It was at this time that the term “Golden Retriever” was first used to describe them, which is why Lord Harcourt’s name usually comes up in reference to the breed name.
Uk kennel History of The Golden Retriever: In 1903, the UK Kennel Club became the first to allow registration of Golden Retrievers, though they were registered as yellow- or golden-colored breeds with flat coats.
They got their first showing in 1908. Then in 1913, they got a separate status when the Golden Retriever Club of Great Britain was formed.
It took 7 more years before the Kennel Club, in 1920, recognised and allowed them to assume their present name, “Golden Retrievers.”
You can find the Golden Retriever’s history on the UK Kennel Club website.
American Kennel History of The Golden Retriever: A few specimens of Golden Retrievers made their way into the American canine world as far back as the early 1880s. However, it took a few decades before the American Kennel Club registered the first Golden Retriever in 1925.
And then in 1938, 25 years after their counterpart in the UK, the American Golden Retriever Club was formed. The breed has gained much popularity and love in the US.
You can find the Golden Retriever’s history on the American Kennel Club website.
Canadian Kennel History of The Golden Retriever: The Golden Retriever was first registered in Canada in 1927. Then in 1958, the Golden Retriever Club of Ontario was formed.
The Golden Retriever Club of Ontario became what’s presently the Golden Retriever Club of Canada.
When it comes to caring for a golden retriever, be prepared to live with plenty of dog hair. They have medium-length hair with a thick undercoat and an outer coat that’s water-repellent.
They shed heavily in the spring and fall, and moderately for the rest of the year. However, they should be brushed daily and will need a bath about once or twice a month.
You will need to trim your golden retriever’s claws once or twice a month to prevent them from splitting and causing foot problems. Your dog will also need help maintaining its oral health. Brushing its teeth once or twice a couple of times per week should do.
Since golden retrievers have droopy ears, they’re susceptible to ear infections. You need to inspect your dog’s ears regularly so you can treat an infection before it worsens.
Golden retrievers are active dogs that require thorough training and daily exercise to keep their minds healthy.
They work best when they have access to a play yard where they can run around and burn energy. If this isn’t available, then walking them a couple of minutes early in the morning and later in the day (to avoid hot asphalt burning their paw pads) should do. Or a trip to the free-run dog park.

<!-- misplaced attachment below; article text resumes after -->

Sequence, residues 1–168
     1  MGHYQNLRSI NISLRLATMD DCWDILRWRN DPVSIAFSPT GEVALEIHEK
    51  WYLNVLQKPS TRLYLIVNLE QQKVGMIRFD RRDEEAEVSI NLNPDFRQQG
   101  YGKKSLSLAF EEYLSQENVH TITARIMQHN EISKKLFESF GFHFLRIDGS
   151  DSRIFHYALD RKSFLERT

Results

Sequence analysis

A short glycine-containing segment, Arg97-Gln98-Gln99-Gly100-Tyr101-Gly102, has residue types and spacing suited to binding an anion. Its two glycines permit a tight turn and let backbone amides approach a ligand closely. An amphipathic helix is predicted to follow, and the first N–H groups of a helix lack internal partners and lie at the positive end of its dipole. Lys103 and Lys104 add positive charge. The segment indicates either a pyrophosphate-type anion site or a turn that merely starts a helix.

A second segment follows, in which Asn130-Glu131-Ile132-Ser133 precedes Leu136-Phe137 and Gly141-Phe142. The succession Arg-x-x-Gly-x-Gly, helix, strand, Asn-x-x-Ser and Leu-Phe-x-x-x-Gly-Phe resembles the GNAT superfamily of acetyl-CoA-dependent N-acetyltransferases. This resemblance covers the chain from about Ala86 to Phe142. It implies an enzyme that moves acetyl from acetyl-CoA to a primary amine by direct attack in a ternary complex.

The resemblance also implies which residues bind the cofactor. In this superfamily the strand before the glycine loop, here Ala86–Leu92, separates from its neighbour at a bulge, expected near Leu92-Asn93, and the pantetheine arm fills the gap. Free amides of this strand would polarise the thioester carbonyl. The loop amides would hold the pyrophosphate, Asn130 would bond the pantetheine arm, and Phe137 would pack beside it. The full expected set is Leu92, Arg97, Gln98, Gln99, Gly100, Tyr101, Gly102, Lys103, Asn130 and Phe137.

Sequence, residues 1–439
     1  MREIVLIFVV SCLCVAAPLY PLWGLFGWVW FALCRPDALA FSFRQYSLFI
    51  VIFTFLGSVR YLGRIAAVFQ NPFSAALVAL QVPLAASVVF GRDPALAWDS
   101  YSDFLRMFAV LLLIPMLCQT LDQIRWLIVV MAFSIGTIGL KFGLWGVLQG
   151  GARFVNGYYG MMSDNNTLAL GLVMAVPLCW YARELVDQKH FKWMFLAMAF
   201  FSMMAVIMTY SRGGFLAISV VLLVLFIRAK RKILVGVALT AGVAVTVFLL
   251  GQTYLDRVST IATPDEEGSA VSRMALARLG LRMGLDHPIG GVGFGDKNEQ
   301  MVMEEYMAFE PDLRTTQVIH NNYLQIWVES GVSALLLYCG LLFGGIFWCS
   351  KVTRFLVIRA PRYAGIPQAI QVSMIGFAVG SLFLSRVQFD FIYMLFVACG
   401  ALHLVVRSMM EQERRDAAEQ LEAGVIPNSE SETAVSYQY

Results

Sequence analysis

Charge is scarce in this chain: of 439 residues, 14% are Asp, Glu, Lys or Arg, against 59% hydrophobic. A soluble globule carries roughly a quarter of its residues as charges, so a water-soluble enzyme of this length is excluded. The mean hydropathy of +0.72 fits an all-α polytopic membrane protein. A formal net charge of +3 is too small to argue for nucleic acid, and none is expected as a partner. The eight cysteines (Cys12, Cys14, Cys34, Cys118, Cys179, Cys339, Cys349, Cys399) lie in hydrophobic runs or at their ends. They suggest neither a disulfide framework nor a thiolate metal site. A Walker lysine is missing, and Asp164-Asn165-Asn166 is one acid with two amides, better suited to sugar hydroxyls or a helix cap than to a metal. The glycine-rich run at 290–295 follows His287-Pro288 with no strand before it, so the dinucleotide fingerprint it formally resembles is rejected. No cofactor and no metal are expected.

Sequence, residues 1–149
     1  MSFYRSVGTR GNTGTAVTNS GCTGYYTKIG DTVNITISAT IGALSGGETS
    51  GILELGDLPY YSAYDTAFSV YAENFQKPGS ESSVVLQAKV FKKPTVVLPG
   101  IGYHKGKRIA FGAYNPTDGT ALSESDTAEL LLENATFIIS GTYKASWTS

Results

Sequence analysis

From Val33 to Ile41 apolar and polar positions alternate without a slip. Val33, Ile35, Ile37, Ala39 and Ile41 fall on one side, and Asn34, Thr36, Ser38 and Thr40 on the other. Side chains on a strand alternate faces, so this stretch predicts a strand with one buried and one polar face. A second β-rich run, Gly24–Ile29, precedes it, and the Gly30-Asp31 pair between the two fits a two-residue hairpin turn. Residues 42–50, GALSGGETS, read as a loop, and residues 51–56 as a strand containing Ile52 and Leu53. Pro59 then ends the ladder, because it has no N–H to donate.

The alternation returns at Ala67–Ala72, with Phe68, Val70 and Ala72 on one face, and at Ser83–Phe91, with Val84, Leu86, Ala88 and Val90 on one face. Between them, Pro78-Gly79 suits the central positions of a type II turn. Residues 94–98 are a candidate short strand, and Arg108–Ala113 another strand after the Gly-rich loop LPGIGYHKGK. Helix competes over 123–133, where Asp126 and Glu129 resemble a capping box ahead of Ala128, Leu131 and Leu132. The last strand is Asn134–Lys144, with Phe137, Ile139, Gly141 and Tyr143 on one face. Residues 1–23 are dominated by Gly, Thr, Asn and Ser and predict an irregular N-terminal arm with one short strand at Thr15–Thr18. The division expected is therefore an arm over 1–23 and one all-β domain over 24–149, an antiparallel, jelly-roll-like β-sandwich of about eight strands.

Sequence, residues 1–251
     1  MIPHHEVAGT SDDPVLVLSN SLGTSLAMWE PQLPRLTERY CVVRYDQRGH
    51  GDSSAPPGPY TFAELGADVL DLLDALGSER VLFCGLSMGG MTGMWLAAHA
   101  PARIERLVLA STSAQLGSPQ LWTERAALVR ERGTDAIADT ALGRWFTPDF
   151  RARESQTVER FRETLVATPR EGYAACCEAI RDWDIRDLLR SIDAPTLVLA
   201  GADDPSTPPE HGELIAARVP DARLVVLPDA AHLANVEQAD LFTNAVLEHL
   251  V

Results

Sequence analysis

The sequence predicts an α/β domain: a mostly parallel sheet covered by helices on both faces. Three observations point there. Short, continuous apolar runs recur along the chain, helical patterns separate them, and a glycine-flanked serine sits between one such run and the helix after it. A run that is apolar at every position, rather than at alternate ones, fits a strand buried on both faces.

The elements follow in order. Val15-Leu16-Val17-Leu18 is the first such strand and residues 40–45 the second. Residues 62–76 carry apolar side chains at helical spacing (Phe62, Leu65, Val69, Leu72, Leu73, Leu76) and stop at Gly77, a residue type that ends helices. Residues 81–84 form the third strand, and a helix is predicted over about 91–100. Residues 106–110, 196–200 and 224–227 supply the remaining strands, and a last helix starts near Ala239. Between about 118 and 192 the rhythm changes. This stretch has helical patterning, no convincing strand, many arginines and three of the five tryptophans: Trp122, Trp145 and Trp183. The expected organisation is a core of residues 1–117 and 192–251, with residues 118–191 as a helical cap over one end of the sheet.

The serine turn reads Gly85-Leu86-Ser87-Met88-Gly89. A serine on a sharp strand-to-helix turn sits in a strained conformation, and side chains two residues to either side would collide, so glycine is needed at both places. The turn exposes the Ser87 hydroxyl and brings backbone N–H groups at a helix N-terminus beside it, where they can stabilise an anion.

Golden retrievers were bred to retrieve shot birds and small animals. So it shouldn’t come as a surprise that they like to carry things around in their mouths. A few durable toys and chew bones will satisfy this oral fixation.
Golden retriever puppies have a fast growth rate. You need to monitor and feed them a low-calorie diet that will keep them from growing faster than they should, to avoid increasing their risk of bone disorders.
An adult golden retriever should be fed up to 1.5 cups of dog food, two times per day. However, the amount needed for your dog will vary depending on its size, activity level, age, and other factors.
You should always provide fresh, clean water at all times.
Obesity will shorten your dog’s life and expose its immune system to other health conditions. So be sure to monitor the dog’s weight. If your dog seems to be gaining an unhealthy amount of weight, talk to a vet.
They’ll advise you whether to exercise it more or reduce the quantity of each meal you feed the dog.
Golden retrievers love to be where the action is – and that’s with family rather than staying in the backyard alone. They’re not suited to be watchdogs because they’re friendly with all humans.
Socialization comes naturally to them. And, when properly introduced, they get along with other canines, cats, or pets in the household.
Golden retrievers are gentle and patient with kids, but their size means they can easily knock a little child over if they get too excited. This can scare little kids, especially visiting playmates that are not used to interacting with dogs.
When a golden retriever dog has been taught to play appropriately with kids, they become a good match for families with active kids.
As responsible breeders, Northern-Lites Golden Retrievers and French Bulldogs strive to maintain the highest breed standards established by the UK and American Kennel Club as well as DNA-testing our parent dogs.
Dogs that are DNA tested and bred by these standards are at less risk of inheriting or developing health conditions. Conditions to be aware of include:
You can check your local animal shelter and rescue groups for golden retrievers in need of homes.
Or check in with Northern-Lites Golden Retrievers and French Bulldogs. We’re a family-run training & breeding kennel dedicated to producing a small number of healthy field-bred puppies each year.
We make deliveries to dog-loving families in Phuket, Bangkok, Pattaya, and Chaing Mai.
Contact us today. We might have a puppy for your family.